Be forward thinking to discover tomorrow’s great jobs today
Note: This post originally appeared in The Huffington Post. It has been reposted here with permission from the author.
Canadian hockey icon Wayne Gretzky famously said “I skate to where the puck is going to be, not where it has been.” Anyone who wants a great job in our rapidly changing economy should apply the same thinking to their employment choices. Quite simply, they should move away from the traditional framework of employment and instead anticipate the job market of the future.
You may have overheard your parents talking nostalgically about iconic companies of their generation such as Kodak, Nortel, Sears or Encyclopedia Britannica. Today each has disappeared or is a shadow of their former self.
If you had worked for any of the displaced firms you had have become unemployed at least once—and might have lost your pension. If you’d worked for any of the disruptors you might be a stock option millionaire. In addition, you’d have been working on exciting and rewarding new products and services—you wouldn’t have been there just for the money.
Previous generations took photos on film, searched for pizza in the yellow pages and called a taxi to head downtown. You use your smartphone to take photos and share them on Instagram. You also use it to get a pizza delivered and email money for your portion to your friend. When it’s time to head out for the evening you use the Uber app to summon a ride.
If you don’t use the same products or services as your parents you should probably apply the same thinking to your career choices. The $64,000 question is, where are those jobs of the future?
Studying hard and developing skills in engineering, software development, analytics, security, behavioural economics, psychology, sales or digital marketing was a great first step towards that fulfilling in-demand career. Understanding how to apply those skills to help transform industries such as healthcare, finance, energy or manufacturing increases your employability and makes you an attractive candidate for the best employers of today and tomorrow.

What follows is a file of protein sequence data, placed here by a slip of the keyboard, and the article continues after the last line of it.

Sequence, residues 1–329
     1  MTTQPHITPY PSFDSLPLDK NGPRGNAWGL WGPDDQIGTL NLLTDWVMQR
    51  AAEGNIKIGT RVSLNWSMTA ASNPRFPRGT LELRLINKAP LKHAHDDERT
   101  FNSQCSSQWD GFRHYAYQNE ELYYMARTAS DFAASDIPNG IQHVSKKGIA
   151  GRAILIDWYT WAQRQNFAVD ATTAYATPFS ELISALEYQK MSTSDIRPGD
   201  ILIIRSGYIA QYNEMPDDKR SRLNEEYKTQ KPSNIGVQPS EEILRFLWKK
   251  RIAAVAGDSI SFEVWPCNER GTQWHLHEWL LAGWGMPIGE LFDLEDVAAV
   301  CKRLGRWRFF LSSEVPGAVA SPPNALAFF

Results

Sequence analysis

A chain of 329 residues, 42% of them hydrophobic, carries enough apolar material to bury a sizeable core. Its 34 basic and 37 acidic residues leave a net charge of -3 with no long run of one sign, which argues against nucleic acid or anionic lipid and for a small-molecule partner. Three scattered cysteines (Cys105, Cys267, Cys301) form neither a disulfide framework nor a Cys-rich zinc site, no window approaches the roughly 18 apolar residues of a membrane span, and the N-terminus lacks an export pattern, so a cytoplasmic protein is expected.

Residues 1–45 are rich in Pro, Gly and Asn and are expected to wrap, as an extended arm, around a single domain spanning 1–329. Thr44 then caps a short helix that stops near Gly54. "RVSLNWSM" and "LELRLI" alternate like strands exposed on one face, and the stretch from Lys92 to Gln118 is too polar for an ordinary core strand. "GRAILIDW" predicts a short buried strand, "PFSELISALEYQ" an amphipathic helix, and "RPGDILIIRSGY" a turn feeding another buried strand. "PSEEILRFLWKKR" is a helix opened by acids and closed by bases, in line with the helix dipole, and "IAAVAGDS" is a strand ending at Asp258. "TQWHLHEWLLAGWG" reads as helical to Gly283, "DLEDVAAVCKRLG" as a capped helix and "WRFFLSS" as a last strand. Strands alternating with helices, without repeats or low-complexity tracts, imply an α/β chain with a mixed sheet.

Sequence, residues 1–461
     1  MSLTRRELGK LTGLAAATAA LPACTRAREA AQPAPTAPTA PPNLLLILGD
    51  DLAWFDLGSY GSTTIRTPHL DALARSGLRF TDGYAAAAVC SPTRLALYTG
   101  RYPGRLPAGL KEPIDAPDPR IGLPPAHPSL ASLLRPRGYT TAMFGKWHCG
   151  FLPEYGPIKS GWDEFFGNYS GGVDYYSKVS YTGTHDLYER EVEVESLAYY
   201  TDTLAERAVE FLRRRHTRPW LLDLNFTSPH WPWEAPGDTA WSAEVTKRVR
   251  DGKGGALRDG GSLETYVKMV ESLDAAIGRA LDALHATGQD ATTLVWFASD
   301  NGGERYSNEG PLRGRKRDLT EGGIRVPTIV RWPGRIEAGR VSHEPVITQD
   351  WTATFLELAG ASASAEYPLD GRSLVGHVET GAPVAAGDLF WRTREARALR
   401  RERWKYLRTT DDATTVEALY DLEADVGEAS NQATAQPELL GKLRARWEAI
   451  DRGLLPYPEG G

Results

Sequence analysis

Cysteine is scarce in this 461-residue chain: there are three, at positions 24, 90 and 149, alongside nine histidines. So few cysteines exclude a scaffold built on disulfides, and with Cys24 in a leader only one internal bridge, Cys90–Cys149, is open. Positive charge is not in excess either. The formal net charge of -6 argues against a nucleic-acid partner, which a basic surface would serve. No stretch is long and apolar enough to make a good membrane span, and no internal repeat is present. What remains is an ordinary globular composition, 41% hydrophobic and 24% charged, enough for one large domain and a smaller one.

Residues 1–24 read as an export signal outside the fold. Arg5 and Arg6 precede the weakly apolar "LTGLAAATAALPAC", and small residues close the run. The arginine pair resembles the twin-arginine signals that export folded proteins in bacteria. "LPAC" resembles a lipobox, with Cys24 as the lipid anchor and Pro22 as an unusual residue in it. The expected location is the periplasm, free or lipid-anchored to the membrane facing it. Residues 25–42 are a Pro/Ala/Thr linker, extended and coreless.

What are some examples of companies well positioned to be those next transformational firms? Checking out some of these might be a good start.
A healthy population is a happy and productive population, but soaring healthcare costs, changing diets and an aging populace are problems that are getting in the way. New startup League thinks the solution may be a data-rich technology platform that helps people connect with a league of professionals dedicated to helping them live a healthier, happier life. Sounds like a big, hairy, audacious goal—and a great place to work. Other exciting Canadian Healthcare startups include Medella, Mavencare, Cogniciti and Aprilage.
Of course healthcare isn’t the only sector with lots of great new jobs. If you picked up a newspaper or surfed the web today you probably heard a story about individuals or firms that have just experienced a security breach. From Sony to eBay to Target, the list gets longer every day and security has become the hot topic of conversation in boardrooms and executive offices. In fact McKinsey says over the next seven years, US$9 trillion to US$21 trillion of economic value creation will depend on robust cyber security. It turns out that Canadian technology company Security Compass is at the epicentre of the security discussion, and is one of the fastest growing companies in the business. In the financial sector the world of digital currencies is exploding but once again security is a key concern and Canadian startup Cryptiv is at the forefront of the industry.
All of these companies won’t be successful but they’ve all identified market opportunities with the potential for exponential growth. And last time I looked, they were all hiring. Apply the same thinking and there’s hundreds more.
Follow Wayne Gretzky’s advice and work for a firm where the technological and economic puck is going. You’ll be glad you did.
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Paul BarterPaul Barter is an adjunct professor of technology strategy at the Schulich School of Business and an advisor for the MaRS ICT Venture Services group. Paul writes and speaks regularly about topics at the intersection of technology and society. See more…